At this year’s CES we saw some fresh Smart TVs from Samsung, and now the company plans to roll out its very own TV service at Barcelona’s Mobile World Congress. Known as TV Discovery, the service will be compatible with Samsung’s upcoming Smart TVs and mobile devices.
Users will be able to search for TV, movies and videos across multiple content providers, and the service will include a combination of live TV, video-on-demand and online services such as YouTube. Viewers in the US will be able to stream Netflix and Blockbuster via TV Discovery, and those in Europe will have Acetrax, Wuaki, MovieMax, FilmIn, Chili, Pathé, and SF Anytime to choose from.
Samsung’s TV service will debut as early as this quarter in Korea, the United States and 14 European countries including France, Italy, the UK, Germany and Spain. These same regions will get TV Discovery for mobile devices in the second quarter of 2013.
Like competing TV services such as Google TV, Samsung’s offering will serve up personal suggestions tailored to the user’s taste.
“The service also features personalized recommendation technology that enables consumers to ‘teach’ the service their own personal preferences,” Dr. Won-Pyo Hong, President and Head of Samsung’s Media Solution Center, said in a statement. “The more you engage with the service, the more relevant the returned recommendations for TV, movies and other on-demand entertainment. It could not be simpler.”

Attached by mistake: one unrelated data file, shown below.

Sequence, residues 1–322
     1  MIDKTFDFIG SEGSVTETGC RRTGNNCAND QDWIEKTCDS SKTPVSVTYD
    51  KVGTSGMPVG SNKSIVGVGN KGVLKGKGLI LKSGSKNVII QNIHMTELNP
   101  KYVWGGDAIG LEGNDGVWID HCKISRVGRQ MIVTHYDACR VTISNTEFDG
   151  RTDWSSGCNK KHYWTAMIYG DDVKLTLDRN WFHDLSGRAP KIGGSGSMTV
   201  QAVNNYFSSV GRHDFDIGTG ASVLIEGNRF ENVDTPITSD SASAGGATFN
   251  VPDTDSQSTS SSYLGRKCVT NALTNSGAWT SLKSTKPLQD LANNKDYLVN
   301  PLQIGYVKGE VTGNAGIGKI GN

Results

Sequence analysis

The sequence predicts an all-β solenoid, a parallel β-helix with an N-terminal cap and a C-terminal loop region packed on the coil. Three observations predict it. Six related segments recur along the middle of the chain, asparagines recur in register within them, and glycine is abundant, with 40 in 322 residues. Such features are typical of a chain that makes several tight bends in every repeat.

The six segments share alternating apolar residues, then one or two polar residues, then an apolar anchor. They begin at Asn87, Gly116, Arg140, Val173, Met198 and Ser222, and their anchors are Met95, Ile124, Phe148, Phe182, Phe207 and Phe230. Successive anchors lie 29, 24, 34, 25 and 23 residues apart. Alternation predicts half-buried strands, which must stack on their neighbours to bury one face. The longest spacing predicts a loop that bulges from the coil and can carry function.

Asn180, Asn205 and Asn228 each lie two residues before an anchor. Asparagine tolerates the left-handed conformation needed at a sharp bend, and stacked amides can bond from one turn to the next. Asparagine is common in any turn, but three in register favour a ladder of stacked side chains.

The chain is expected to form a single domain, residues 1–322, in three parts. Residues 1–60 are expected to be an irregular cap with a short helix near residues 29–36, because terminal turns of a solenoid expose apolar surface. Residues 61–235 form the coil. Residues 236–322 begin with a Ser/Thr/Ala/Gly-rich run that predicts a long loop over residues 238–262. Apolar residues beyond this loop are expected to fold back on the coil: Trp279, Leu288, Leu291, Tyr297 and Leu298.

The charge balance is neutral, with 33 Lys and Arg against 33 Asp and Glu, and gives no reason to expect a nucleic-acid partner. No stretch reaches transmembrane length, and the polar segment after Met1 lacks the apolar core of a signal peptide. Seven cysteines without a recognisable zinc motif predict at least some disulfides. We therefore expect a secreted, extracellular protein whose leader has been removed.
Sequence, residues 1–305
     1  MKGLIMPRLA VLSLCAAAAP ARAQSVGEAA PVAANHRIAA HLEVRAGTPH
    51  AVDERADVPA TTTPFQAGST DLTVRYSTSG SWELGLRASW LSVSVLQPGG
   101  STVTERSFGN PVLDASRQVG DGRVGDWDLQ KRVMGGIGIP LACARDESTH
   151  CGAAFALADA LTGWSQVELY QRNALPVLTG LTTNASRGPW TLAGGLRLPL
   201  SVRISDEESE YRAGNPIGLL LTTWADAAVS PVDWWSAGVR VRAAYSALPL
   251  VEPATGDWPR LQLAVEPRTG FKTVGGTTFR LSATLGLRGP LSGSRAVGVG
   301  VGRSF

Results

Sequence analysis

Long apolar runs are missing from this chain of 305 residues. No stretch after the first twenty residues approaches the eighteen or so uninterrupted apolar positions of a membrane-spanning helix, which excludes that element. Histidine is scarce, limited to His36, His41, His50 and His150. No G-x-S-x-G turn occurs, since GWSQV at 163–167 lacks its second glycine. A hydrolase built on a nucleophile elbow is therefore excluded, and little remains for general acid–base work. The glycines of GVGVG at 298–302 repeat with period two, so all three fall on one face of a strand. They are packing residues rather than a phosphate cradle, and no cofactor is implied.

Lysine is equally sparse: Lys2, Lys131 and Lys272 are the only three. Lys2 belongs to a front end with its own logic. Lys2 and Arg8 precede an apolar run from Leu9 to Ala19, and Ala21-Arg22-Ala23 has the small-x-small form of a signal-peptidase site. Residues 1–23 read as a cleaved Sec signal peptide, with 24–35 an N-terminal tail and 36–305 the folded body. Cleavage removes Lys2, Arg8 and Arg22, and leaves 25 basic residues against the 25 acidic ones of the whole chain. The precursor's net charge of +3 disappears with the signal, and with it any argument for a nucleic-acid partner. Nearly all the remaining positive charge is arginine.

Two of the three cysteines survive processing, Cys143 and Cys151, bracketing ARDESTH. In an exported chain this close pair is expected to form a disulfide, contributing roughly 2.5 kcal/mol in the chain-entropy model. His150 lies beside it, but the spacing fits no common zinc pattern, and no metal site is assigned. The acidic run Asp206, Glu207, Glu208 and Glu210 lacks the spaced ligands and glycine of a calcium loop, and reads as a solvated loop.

Samsung is all about multitasking when it comes to its devices, and its TV service appears to be no different. The company boasts that TV Discovery will turn Samsung smartphones and tablets into a universal remote for major media gadgets such as home stereos, DVD and Blu-Ray players.
The company also emphasizes a simple approach to search that browses content across all platforms in one search engine. For example, viewers could use the same search box to find a YouTube video or a movie rather than having to open individual apps.
Other noteworthy features include cross-device compatibility, which allows users to project content from a mobile device to a TV, and social sharing.
Samsung is one of many companies breaking into the TV aggregation front. At CES alone, we saw competitors such as Panasonic flaunt their new Smart TVs that incorporate recommendation features and social media functionality into the television experience. Google and Apple have been promoting their own flavor of entertainment aggregation for quite some time now, with their respective Apple TV and Google TV platforms.